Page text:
Bostick v. Smoot Sand and Gravel Corporation

Decision Date21 August 1957
Docket NumberCiv. No. 8974.
Citation154 F. Supp. 744
PartiesEdward M. BOSTICK, Henry I. Altshuler, Anna B. Wickes and Virginia R. McDonnell, Mrs. Norma J. Bostick and Mrs. Roselina R. Altshuler, v. SMOOT SAND AND GRAVEL CORPORATION.
CourtU.S. District Court — District of Maryland



Niles, Barton, Yost & Dankmeyer, Baltimore, Md. (Carlyle Barton, Theodore R. Dankmeyer and Robert C. Prem, Baltimore, Md.), for plaintiffs.

Piper & Marbury, Baltimore, Md. (Charles C. G. Evans and E. Clinton Bamberger, Jr., Baltimore, Md.), for defendant.

R. DORSEY WATKINS, District Judge.

This is an action by the owners and occupants of four contiguous parcels of land adjacent to Mt. Vernon, Fairfax County, Virginia, against the defendant, a Delaware corporation qualified to do business in Maryland. The complaint, in four counts, alleges a cause of action in trespass againt the defendant; a claim for nuisance in the manner in which said trespass has been and is being committed; and a claim for damages for the taking and carrying away of the "exclusive property" of plaintiffs.1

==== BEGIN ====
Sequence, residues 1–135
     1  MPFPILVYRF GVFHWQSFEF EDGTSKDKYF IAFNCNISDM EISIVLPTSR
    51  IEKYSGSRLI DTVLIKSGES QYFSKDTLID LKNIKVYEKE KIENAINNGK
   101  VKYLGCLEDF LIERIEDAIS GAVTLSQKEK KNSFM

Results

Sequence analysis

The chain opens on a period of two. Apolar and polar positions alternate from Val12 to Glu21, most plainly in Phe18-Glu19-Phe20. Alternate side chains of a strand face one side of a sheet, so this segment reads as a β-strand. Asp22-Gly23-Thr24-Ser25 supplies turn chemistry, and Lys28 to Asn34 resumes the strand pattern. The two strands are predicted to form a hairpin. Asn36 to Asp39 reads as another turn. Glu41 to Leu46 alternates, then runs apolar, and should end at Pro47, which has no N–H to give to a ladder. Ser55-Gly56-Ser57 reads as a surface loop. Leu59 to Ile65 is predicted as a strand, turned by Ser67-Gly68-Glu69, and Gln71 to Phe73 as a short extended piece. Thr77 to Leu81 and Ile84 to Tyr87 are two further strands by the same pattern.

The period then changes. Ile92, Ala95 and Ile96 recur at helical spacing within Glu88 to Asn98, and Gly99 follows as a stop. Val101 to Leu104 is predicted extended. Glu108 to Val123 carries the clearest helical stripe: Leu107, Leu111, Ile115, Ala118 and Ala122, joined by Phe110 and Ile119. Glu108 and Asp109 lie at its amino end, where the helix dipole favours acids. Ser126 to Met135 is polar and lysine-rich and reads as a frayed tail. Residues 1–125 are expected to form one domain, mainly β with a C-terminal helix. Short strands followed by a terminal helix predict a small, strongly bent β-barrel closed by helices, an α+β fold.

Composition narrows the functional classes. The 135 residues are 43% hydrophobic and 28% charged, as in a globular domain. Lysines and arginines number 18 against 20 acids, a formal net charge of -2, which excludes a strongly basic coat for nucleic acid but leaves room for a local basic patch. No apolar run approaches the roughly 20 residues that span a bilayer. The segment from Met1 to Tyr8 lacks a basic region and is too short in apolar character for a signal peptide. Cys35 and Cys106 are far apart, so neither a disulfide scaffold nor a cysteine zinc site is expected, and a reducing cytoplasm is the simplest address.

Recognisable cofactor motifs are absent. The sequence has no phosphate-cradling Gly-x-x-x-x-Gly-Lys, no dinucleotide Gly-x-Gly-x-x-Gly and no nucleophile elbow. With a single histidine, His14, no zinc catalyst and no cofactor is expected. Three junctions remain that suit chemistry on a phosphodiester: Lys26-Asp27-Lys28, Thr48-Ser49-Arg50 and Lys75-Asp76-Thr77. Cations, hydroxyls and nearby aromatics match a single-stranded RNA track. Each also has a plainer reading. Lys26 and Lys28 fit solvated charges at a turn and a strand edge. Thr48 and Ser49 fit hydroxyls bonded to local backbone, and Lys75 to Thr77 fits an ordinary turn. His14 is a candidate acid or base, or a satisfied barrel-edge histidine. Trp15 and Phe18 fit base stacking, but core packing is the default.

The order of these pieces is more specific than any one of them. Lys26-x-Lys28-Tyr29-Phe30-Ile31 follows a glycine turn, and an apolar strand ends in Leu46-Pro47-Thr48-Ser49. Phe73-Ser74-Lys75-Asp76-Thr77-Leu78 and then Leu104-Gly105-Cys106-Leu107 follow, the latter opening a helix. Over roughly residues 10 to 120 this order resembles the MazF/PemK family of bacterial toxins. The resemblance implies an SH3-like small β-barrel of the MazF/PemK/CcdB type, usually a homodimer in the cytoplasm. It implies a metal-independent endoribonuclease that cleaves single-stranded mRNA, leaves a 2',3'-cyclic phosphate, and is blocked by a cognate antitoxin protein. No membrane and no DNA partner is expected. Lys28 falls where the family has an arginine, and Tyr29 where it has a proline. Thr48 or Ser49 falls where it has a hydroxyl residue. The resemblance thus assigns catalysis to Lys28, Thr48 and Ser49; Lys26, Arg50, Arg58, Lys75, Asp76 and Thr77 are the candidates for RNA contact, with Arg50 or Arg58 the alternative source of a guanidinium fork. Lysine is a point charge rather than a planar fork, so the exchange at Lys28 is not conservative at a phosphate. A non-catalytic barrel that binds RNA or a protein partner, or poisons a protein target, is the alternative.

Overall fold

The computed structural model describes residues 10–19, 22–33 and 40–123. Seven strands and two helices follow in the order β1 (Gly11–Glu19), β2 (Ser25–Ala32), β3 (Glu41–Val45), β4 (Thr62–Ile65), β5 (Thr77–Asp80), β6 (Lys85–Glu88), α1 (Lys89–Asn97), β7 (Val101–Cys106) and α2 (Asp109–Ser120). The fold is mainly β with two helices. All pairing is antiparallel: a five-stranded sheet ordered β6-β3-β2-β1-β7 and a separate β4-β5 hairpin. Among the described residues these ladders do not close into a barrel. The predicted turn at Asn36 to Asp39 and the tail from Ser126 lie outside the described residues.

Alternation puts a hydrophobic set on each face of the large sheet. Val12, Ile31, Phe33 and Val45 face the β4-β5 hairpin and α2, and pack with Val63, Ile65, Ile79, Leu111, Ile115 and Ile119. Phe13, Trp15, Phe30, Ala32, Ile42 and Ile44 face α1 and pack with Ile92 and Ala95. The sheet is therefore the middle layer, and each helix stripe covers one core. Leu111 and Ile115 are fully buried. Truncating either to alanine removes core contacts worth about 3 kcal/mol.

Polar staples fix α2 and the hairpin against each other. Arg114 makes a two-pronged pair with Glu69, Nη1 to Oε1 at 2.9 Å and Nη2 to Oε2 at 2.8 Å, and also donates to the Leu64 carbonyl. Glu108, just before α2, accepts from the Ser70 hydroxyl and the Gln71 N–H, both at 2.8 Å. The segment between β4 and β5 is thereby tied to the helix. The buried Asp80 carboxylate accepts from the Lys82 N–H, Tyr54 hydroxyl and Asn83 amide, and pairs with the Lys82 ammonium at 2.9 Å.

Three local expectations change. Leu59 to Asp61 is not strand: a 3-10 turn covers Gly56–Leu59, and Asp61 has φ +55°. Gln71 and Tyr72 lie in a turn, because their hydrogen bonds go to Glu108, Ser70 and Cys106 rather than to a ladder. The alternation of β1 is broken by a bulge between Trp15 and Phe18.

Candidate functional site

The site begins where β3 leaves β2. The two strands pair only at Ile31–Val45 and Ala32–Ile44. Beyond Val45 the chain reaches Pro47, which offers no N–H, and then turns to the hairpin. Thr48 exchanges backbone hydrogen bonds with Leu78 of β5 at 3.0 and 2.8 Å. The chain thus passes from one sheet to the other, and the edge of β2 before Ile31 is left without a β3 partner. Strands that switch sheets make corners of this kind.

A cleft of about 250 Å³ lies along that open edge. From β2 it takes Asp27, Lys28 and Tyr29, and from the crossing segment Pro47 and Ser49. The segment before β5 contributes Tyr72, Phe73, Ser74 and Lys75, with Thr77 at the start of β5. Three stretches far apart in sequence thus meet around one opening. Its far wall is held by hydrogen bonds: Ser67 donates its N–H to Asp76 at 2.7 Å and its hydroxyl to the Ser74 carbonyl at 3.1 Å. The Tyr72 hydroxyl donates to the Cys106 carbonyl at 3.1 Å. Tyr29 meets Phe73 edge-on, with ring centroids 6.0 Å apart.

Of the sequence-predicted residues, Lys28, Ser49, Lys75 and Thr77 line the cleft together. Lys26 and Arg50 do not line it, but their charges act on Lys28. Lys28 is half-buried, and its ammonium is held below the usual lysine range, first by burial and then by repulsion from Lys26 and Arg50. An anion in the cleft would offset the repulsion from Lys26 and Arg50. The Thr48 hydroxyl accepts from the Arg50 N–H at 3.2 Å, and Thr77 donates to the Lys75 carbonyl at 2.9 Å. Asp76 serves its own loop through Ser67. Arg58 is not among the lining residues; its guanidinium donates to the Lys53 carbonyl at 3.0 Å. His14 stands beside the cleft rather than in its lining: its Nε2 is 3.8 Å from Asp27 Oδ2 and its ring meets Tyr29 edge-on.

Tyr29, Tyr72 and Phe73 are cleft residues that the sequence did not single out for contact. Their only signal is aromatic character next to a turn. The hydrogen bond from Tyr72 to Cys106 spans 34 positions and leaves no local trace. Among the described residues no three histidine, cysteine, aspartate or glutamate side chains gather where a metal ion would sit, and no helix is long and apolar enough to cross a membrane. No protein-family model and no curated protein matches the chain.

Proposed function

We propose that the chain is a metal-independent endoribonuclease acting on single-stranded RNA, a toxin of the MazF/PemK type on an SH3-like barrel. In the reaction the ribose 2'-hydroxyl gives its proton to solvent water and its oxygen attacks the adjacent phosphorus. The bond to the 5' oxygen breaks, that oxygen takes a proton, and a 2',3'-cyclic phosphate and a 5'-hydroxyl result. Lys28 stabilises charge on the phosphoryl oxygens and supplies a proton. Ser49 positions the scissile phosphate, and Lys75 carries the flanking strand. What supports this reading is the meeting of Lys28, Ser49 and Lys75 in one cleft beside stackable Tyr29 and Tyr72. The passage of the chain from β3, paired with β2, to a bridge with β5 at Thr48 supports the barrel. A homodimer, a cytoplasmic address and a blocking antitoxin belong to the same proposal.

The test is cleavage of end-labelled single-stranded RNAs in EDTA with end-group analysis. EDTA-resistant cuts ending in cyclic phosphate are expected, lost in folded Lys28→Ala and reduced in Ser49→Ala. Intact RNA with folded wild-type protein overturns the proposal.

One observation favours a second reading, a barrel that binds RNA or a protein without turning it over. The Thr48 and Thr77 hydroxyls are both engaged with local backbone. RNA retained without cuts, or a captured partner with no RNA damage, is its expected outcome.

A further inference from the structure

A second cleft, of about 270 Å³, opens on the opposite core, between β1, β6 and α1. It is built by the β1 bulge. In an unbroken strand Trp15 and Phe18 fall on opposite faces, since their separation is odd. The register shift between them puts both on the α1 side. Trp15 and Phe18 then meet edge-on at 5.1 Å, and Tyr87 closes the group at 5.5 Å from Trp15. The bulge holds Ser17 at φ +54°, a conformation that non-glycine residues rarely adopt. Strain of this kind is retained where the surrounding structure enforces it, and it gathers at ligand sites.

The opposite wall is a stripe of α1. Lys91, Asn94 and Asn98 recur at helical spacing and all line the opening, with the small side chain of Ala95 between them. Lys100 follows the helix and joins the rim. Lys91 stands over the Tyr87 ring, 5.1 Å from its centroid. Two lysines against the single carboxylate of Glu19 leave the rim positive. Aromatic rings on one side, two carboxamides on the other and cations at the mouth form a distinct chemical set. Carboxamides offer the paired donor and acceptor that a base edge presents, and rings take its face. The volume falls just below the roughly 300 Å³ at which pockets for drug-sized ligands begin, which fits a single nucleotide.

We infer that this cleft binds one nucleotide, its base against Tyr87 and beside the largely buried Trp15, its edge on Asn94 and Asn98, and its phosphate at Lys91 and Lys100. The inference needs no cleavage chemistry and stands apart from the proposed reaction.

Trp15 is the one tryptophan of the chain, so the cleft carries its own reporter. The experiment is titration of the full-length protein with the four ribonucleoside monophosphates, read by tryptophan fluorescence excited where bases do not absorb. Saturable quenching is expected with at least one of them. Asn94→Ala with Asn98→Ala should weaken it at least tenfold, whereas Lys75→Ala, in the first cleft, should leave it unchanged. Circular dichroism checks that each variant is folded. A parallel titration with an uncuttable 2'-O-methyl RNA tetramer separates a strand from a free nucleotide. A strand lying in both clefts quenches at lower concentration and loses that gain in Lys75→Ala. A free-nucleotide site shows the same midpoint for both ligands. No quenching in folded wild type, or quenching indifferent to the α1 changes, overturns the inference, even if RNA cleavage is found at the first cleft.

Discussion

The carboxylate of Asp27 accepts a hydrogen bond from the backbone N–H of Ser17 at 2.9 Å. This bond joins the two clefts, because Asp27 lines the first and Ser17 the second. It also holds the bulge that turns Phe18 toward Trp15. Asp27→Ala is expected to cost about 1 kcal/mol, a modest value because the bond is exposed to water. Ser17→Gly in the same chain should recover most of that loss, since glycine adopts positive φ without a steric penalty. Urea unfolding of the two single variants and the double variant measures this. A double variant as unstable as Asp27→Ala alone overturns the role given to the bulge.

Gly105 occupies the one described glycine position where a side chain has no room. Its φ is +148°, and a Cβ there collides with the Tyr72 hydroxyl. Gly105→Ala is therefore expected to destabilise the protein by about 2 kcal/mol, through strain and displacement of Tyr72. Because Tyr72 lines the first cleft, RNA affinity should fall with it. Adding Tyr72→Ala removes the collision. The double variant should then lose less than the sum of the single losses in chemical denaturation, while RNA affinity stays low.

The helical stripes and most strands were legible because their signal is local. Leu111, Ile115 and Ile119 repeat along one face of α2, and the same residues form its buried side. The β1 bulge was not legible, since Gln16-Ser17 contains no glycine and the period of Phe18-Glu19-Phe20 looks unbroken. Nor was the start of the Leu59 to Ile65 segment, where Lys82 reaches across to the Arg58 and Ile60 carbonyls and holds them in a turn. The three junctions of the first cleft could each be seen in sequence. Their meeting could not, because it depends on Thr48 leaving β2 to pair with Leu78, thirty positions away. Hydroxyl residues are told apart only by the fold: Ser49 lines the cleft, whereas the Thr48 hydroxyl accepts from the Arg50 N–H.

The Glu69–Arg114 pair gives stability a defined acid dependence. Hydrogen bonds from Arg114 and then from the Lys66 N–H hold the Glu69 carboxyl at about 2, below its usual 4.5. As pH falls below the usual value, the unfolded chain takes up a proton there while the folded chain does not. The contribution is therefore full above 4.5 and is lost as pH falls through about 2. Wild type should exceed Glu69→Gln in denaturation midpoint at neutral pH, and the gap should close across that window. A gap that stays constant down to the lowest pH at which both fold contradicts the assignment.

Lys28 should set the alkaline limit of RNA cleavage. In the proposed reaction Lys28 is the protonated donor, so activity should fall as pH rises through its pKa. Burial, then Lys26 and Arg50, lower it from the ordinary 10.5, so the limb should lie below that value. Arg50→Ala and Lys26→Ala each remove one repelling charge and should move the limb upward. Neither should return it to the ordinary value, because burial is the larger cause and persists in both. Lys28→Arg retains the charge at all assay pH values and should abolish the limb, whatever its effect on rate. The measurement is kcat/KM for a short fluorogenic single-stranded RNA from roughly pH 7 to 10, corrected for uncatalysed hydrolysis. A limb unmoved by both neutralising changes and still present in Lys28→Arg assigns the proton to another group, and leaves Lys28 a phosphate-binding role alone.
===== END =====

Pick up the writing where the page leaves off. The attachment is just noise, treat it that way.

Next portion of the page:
More specifically, the complaint alleges that defendant is dredging sand, gravel and other materials from "the bed of the Potomac River in Charles County, State of Maryland" between the near channel line and the highwater line of the Potomac River on the Virginia side, approximately seven hundred and five yards off shore from plaintiffs' property, such dredging being in Charles County, Maryland, without license or permit from plaintiffs; "that said dredging constitutes a trespass2 upon the riparian rights" of the plaintiffs "in the bed of the Potomac River as granted to them" by Article 27, Section 572 of the Annotated Code of Maryland, 1951 Edition, in that plaintiffs "as owners in fee simple of riparian lands bordering on the Potomac River * * * are the owners of exclusive riparian rights in the bed of said river opposite said lands from highwater mark on the shore bordering said lands to the outer line of the channel nearest said shore, granted to them by enactment of the Legislature of the State of Maryland codified as Article 27, Section 572 of the Annotated Code of Maryland, 1951 Edition, as follows: